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Vincent A. Cicirello
Vincent A. Cicirello

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Combine Multiple PDF Files Into One Using pdfLaTeX

I use LaTeX for virtually all written documents I produce. It is a necessity when writing academic papers in computer science journals and conferences. But I also use it to format my CV, to write recommendation letters for students, among many other things. It is ideal for any writing that involves formatting mathematics, and it greatly simplifies bibliography generation. Occasionally, it is necessary to produce a single pdf from a combination of documents, some of which may be beyond my control, or may be in a format that I cannot easily embed within another. For example, perhaps I need to include an appendix written by someone else in something horrid like Microsoft Word. The solution is to convert each document to a pdf, as a common format, and then combine into a single file. LaTeX is natively compiled into pdf, and just about any other format can generally convert to pdf without much difficulty.

So you have multiple pdf files that you want to combine into one, but you don't have a version of Acrobat that will do this. Here's an easy way to combine multiple pdf files using pdfLaTeX. If you don't use LaTeX, don't worry about it. You don't really need to know LaTeX to use this trick, and I have a repository on GitHub with a LaTeX file you can edit with the details of the pdfs you want to combine. It doesn't matter how the original pdf files were produced.

Table of Contents:

How to Combine Multiple PDFs with pdfLaTeX

Here are the steps to combining multiple pdfs using pdfLaTeX.

Step 0: Install a LaTeX Distribution

If you don't have LaTeX installed on your system already, then you'll need to begin by installing a LaTeX distribution. For example, TeX Live is a good choice.

Step 1: Create a LaTex Source File

Create a LaTeX source file with a tex extension and named how you want the final pdf named (other than extension). For example, if you want your pdf named combined.pdf, then name your tex file combined.tex. It will save you from renaming files later.

In that combined.tex file (or whatever you named it), add the following with your favorite text editor.




% The following lines are the only ones you need to edit.

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The above example combines three pdf files file1.pdf, file2.pdf, and file3.pdf in their entirety and in that order. Simply edit these lines with the names of your pdf files.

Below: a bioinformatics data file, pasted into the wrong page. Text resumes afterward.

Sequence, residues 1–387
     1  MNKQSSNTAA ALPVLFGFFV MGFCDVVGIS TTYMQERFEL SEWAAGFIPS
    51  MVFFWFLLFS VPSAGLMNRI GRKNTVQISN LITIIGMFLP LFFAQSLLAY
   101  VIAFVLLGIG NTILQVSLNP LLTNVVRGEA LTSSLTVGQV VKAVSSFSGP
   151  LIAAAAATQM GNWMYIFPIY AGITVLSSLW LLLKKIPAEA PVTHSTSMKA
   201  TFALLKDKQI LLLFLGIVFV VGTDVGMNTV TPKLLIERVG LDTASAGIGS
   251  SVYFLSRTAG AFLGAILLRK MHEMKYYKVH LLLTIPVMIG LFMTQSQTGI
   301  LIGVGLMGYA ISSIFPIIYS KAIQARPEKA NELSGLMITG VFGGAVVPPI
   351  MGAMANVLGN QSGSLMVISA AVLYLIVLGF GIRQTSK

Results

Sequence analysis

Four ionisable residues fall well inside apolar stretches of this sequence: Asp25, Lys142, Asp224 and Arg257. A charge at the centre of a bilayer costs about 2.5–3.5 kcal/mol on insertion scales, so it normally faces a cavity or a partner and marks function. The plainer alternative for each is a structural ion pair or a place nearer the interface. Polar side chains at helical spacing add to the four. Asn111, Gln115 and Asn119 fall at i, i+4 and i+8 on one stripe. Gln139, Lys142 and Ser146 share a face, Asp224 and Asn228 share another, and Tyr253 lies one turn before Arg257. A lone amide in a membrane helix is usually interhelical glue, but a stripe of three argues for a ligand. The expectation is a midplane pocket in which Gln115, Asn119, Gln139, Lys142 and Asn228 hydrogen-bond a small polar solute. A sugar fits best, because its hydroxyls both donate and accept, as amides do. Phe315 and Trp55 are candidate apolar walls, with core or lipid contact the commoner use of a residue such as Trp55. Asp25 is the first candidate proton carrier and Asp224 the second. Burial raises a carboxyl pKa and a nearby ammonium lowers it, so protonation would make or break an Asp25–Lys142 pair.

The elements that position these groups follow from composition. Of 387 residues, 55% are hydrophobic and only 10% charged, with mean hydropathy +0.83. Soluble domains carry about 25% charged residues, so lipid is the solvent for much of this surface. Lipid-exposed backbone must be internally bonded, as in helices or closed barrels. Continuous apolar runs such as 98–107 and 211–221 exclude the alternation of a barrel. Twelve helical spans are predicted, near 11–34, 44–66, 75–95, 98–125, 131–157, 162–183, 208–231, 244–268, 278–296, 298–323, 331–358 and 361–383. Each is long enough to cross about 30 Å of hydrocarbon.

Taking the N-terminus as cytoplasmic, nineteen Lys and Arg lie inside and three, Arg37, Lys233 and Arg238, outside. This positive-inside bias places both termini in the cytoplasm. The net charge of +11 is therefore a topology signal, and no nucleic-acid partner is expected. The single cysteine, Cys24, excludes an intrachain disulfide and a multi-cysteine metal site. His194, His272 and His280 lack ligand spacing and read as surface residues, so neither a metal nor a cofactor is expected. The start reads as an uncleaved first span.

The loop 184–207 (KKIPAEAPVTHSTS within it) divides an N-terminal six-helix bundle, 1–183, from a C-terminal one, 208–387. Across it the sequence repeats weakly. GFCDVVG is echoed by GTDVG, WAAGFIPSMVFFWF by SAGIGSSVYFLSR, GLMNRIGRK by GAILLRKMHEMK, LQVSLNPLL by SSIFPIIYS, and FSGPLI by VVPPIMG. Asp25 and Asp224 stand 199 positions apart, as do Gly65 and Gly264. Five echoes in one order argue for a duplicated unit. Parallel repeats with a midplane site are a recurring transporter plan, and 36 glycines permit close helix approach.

A statement like: \includepdf[pages=-]{file1.pdf} will add the entire contents of file1.pdf to the pdf that results. If you want to include only part of one of the files, you can specify a page range. For example, perhaps you want all of file1.pdf, but only pages 3 to 7 of file2.pdf, and then all of file3.pdf. You can accomplish something like that with the following.




% The following lines are the only ones you need to edit.

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Step 2: Run pdfLaTeX.

You can now use pdfLaTeX to combine the pdfs. At the command line, in the directory containing the LaTeX source file you created above and your existing pdfs, run the following (change the combined.tex file to whatever filename you used above):

pdflatex combined.tex
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This will produce a pdf named combined.pdf.

GitHub Repository

I have a GitHub repository with a LaTeX file that you can download and edit with the details of your pdfs to get you started.

GitHub logo cicirello / combine-pdf-files

Use pdflatex to combine multiple pdf files


Use pdflatex to combine multiple pdf files with the following steps:

  1. Make sure you have an up to date LaTeX system installed such as TeX Live.
  2. Read the comments in the file CombinePDFs.tex.
  3. Edit the lines in that file where indicated with the names of the pdfs you want to combine in the order you want them to appear in the result, including specifying page ranges if you don't want the entire pdf files.
  4. Run pdflatex CombinePDFs.tex at the command line, which will produce a file named CombinePDFs.pdf.
  5. You can then rename the pdf file, or alternatively, you can name the tex file as desired before you begin.

Where You Can Find Me

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Vincent A. Cicirello - Professor of Computer Science

Vincent A. Cicirello - Professor of Computer Science at Stockton University - is a researcher in artificial intelligence, evolutionary computation, swarm intelligence, and computational intelligence, with a Ph.D. in Robotics from Carnegie Mellon University. He is an ACM Senior Member, IEEE Senior Member, AAAI Life Member, EAI Distinguished Member, and SIAM Member.


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Top comments (1)

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Vincent A. Cicirello

My opening paragraph may inadvertently imply that you have a base document formatted in LaTeX. The trick explained in this post applies no matter what any of the documents were formatted in. The only LaTeX required is the few lines in the template in the examples.